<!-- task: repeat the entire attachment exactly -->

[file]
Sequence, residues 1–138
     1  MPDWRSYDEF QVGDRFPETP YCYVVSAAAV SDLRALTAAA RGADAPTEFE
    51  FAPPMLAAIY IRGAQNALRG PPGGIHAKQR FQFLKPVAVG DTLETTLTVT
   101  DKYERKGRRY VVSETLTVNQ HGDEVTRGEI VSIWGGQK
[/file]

Sequence, residues 1–138
     1  MPDWRSYDEF QVGDRFPETP YCYVVSAAAV SDLRALTAAA RGADAPTEFE
    51  FAPPMLAAIY IRGAQNALRG PPGGIHAKQR FQFLKPVAVG DTLETTLTVT
   101  DKYERKGRRY VVSETLTVNQ HGDEVTRGEI VSIWGGQK